Live events just aren’t the same through a screen…The creative industries, particularly music and theatre, thrive on live performances, making most of their income through ticketed events, food, and merchandise sales. Food and hospitality businesses have been hardest hit by the pandemic. If large industry events become entirely virtual, they could continue to feel the effects. The BBC GoodFood Show attracts over 250,000 visitors to their live events every year. Food vendors and brands use the shows to market their goods and network with bloggers, influencers, traders, wholesalers, and journalists, to benefit from the content and press that is produced from these live and in-person events. They are also a valuable platform for trialling new products and gaining market feedback on new and existing items.
Educational and entrepreneurial benefits for SMEsAs we adjusted to conducting business entirely online, we may have forgotten the benefits of the in-person networking that events like The International Franchise Show and MarTechFest encourage. Many events, conferences, and trade shows facilitate mass networking between industry experts and host informative seminars. Small business owners or blossoming entrepreneurs benefit immensely from the educational resources on offer at these events, especially the chance to ask for advice from experts and industry heavyweights. The ability to network directly with potential clients and consumers gives small businesses and new brands their moment to shine and establish themselves amongst bigger competitors with larger marketing budgets. The most significant benefits of networking in-person are routed in the social nature of people and in our ability to present the most authentic versions of ourselves. Pitching brands, products, or services directly to clients or investors offers space to highlight unique selling points and special features or offers that allow a business to stand out. Being able to put a face or a name to a brand or business creates more meaningful and memorable interactions, meaning people are more likely to follow through and establish a more permanent, online connection.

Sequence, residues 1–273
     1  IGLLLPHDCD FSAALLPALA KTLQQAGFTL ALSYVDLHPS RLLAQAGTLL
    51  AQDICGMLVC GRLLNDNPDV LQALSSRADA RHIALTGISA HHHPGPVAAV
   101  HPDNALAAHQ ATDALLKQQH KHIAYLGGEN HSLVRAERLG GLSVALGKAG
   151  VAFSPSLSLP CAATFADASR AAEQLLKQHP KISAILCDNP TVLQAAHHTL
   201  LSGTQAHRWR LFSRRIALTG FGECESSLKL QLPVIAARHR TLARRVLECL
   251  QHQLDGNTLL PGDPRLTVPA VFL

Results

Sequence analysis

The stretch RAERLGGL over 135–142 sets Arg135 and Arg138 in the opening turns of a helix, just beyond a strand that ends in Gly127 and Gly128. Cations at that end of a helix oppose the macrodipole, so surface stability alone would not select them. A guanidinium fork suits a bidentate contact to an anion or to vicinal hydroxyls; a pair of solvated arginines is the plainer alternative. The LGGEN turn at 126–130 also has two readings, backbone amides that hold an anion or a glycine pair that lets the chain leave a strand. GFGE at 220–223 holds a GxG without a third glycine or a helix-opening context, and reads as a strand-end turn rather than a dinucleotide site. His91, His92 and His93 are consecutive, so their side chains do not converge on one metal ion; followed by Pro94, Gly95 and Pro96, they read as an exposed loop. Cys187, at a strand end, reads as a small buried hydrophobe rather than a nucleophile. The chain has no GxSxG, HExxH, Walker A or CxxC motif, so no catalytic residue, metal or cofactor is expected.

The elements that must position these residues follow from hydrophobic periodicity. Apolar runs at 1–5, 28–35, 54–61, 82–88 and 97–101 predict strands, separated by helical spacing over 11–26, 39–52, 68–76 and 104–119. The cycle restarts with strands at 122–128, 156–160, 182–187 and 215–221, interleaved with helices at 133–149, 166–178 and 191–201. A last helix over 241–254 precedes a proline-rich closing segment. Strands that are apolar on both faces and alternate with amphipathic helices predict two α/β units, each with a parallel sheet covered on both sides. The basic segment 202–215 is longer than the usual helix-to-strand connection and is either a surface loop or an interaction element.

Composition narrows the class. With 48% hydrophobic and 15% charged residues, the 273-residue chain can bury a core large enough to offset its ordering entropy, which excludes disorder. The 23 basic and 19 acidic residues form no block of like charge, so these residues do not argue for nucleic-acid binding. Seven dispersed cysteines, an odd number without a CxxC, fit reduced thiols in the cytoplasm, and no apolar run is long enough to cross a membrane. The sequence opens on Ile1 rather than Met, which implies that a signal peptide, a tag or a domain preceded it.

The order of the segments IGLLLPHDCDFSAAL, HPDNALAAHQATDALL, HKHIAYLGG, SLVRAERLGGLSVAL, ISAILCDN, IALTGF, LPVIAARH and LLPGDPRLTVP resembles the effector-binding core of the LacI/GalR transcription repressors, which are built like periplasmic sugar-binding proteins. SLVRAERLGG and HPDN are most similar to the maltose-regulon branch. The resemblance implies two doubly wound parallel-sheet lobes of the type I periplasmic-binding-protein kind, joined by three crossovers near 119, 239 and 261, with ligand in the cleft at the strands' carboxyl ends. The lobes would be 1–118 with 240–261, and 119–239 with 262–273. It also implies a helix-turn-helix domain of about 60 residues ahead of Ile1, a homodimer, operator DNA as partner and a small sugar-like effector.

Getting back to socialisingFinally, the social aspect of networking is important. While online platforms allow us to grow our network exponentially, in-person events focus on the quality of introductions rather than the quantity. Creating strong and impactful impressions on people in your industry could lead to a powerful contact that helps you take the next step in your career or introduces you to your next big client. In-person networking establishes more trust between individuals, not only in that a person is who they claim to be, but that the values and interests align between like-minded parties.
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